We had arrived in Dar es Salaam, and parked on a remote stand of the congested apron.
As my right-hand man carefully manouvered around the various parked aircraft, a freighter 747 from Europe was busy off-loading what appeared to be three brand new Eurocopters (or Airbus Helicopters, as the company is now known), all neatly wrapped in bubble wrap. A coat of arms was visible, but meant nothing to me.
Someone has money to spend…
We complete a bizarre u-turn park next to the 747 at the behest of our marshaller, and end up stopping exactly backwards in the parking bay if we were to take the Jeppessen chart seriously. Anything goes in Africa, and the park brake was set without any known damage being done.
During the descent to land, we had obtained updated weather forecasts for Johannesburg and our alternates, Lanseria, Durban, Maputo and Blantyre, as we have to give our ground engineer our fuel figure for the early morning departure the next day.
We spend a lot of time making excruciatingly serious decisions on what basically amounts to duff gen (poor information).
We have no confirmation of our actual Zero Fuel Weight (ZFW) at this stage, and sometimes our weather service produces forecasts that are akin to a horoscope with numbers.
Said horoscope called for some mist with 4000 meters visibility, and overcast at 500 feet in Jo’burg when we are due to get back there. Hardly tragic due to Category 2 landing capability at ORTIA, which allows us to land with 300 meters viz. However, the whole forecasting process I regard as somewhat sort-of-maybe-iffy-accurate.
The lack of updated ZFW leaves us with no choice but to use the estimated figure we have on our outbound SITA. If we have to, we can order more gas in the morning, but we certainly can’t de-fuel here.
We had been through the motions of applying ourselves to the task of fuel planning, and decided on a figure of 11.4 tonnes of paraffin for the morning.
This is duly communicated to the ground engineer, and we complete all the post-flight paperwork. The passengers have trooped down the stairs, and security and engineering staff are on board. Standing in the forward galley chatting to our station manager, the humid heat coming through the open forward door makes my uniform trousers feel clammy. The air-conditioning system is belching condensation from all of the vents like thick white smoke, descending to the floor.
We should consider navy shorts to complement our open-neck shirts we have for these destinations…
A short bus ride to the terminal sees us sauntering through customs and immigration, while our passengers queue for attention. No passports required, as all our information is on the GENDEC (general declaration) produced by immigration in Jo’burg. We are barely afforded a glance by the officials, and we are back outside in the heat, tracking down the hotel transport.
Once in the mini-bus, I try to ascertain our expected travel time to the hotel from the driver, as the traffic is utterly unbelievable at this time of the evening. I get a wobbly-hand gesture, which can mean anything. However, from years of experience, I am prepared, and produce a couple of chilled beers (dragged from home, and put on ice during the descent), which generally eases the trip somewhat.
For those who have not visited Dar during rush hour, it is a sight to behold. It also pisses one off immensely, as the impromptu involvement of police officers as points-men at the major intersections defy any form of logic whatsoever.
The main road out of town is parallel to the coastline, while two major roads from the harbours cross over, heading inland. The dimly-lit intersections, with their one or two lonesome traffic lights, are confidently manned by a cop with a single baton. Picture an incredibly busy, chaotic dual carriageway intersection, with one guy calling the shots.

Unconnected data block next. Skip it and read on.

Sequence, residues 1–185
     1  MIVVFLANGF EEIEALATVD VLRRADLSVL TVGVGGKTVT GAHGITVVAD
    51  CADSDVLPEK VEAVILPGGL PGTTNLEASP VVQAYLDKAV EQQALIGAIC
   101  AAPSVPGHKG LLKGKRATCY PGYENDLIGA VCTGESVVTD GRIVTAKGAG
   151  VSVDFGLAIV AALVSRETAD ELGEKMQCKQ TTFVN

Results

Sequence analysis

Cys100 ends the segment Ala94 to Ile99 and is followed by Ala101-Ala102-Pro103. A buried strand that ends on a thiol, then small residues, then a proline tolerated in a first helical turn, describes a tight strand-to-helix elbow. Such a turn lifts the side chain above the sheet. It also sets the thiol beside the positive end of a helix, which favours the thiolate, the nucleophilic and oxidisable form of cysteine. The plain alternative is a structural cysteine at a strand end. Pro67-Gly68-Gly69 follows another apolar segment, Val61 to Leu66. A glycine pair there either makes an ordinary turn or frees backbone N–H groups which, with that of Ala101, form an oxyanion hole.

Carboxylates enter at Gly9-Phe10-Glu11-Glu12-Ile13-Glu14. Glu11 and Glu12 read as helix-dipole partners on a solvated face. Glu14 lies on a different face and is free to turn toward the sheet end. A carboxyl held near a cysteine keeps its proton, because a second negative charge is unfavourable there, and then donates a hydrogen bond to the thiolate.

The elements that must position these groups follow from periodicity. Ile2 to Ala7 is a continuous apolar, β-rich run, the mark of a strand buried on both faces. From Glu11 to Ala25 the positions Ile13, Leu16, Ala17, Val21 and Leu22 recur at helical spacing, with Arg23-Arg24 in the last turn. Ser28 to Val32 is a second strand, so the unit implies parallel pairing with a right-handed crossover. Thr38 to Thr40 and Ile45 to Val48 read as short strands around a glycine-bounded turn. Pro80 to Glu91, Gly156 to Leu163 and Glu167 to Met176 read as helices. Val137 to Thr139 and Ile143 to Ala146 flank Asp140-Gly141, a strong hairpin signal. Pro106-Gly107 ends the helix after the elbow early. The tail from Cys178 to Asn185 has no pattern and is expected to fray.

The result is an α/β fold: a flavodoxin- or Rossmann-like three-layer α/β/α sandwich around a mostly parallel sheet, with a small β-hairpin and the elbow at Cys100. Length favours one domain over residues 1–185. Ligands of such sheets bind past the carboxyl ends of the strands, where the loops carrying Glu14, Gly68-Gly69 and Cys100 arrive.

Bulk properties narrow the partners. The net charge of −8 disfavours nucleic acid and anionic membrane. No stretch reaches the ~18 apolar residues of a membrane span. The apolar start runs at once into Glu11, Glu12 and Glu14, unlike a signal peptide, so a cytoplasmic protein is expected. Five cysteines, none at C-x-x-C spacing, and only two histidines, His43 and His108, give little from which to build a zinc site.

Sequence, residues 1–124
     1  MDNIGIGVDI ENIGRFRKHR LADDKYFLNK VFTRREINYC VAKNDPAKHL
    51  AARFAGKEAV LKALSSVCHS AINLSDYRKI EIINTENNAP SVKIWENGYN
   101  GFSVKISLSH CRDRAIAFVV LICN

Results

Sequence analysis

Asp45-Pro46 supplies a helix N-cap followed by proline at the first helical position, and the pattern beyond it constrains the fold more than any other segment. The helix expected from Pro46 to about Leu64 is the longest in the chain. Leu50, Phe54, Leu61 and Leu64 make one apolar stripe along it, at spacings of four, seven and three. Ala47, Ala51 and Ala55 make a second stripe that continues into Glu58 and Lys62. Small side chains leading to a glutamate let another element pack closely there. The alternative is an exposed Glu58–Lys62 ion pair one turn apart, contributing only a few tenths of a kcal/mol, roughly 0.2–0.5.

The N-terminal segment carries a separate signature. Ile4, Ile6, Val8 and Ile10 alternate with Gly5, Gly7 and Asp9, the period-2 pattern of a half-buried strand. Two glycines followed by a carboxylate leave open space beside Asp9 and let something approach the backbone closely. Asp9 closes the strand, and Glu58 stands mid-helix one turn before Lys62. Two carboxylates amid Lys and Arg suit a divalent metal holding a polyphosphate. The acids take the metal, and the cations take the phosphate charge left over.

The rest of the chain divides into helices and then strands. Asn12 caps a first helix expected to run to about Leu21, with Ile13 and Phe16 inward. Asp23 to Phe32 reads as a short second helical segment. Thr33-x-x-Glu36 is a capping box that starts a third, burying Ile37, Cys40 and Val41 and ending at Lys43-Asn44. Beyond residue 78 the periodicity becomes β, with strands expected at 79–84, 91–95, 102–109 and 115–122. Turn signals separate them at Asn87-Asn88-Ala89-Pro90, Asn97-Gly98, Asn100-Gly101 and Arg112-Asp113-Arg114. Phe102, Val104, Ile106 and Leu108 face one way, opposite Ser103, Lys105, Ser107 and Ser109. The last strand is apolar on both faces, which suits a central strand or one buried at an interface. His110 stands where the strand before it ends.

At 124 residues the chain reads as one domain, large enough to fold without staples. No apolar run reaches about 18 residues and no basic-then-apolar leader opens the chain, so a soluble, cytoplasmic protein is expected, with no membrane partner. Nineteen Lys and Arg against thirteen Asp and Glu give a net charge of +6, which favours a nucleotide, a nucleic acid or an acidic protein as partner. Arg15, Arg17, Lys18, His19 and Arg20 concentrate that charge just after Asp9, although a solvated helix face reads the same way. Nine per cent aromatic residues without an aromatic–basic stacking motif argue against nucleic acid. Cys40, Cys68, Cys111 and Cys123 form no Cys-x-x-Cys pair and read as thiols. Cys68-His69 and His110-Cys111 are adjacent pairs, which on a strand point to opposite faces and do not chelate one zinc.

I have sat waiting at one intersection for over half an hour, as the crossing traffic gets priority over the main road. On at least four occasions in the past, I’ve had to delay the next day’s departure as we are legally required to have 10 hours in the hotel. The longest I’ve sat in the crew transport was an hour and forty-five minutes to travel the 14 kilometers from the airport to the hotel…
Third World traffic chaos is one thing – however, the completely insane antics of the motorcycle drivers in Dar are a study of human behaviour in itself. One actually becomes numb to the impending fatal accident that surely has to happen right now – but suddenly doesn’t.
There’s the white-collar guy getting a chauffeur ride on the back of that old Honda, while dangling the briefcase from one hand and gesticulating and closing the deal on the cell phone with the other. Then comes a guy in to oncoming traffic with his head bent at a crazy angle while he careens his mount between trucks while having his phone wedged between shoulder and chin – probably closing the deal with the first guy…
At least it’s not raining. Then it takes three times as long.
Our oasis appears in the darkness – a South African owned and operated hotel which is a favourite spot for expats to have an evening tipple or four while waiting for the traffic to subside…the irony…
The standard rooms are issued in strict seniority. I get the big one, and head upstairs for a quick change and catch up with emails on the hotel wifi. Although we have around two and a half hours before the ‘8 hours bottle to throttle’ kicks in, I am determined not to waste the free drink voucher, as well as to see who of our ex-colleagues whom have taken the Fastjet contract are around.
Downstairs, I spot a few familiar faces in the crowded restaurant and bar area. This results in joining the Fastjet crowd for a little while, with the required comparison of life as a contract pilot. They’re having fun, but the grass is only greener for the simple reason of the abundance of manure.
Shortly after, the best part of the trip happens – seared tuna, medium rare.
With the hotel discount, and the freebie drink voucher, the bill comes to around nine US dollars. I can live with that.
The rented bed provides around seven hours of sleep, which is ample considering the easy day we had yesterday. I’m first at reception to settle my bill and pen my required signature to the hotel contract bill for the rest of the crew.
Breakfast is normally out of the question at 4 am for me, but it’s free, so I’m in.
Back into the same mini-bus and we’re off to the airport. Same distance, but this time it takes only 15 minutes, as the city is slowly awakening in the dusty pre-dawn twilight.
There’s still a few kamikazi motorcyclists around to keep us entertained.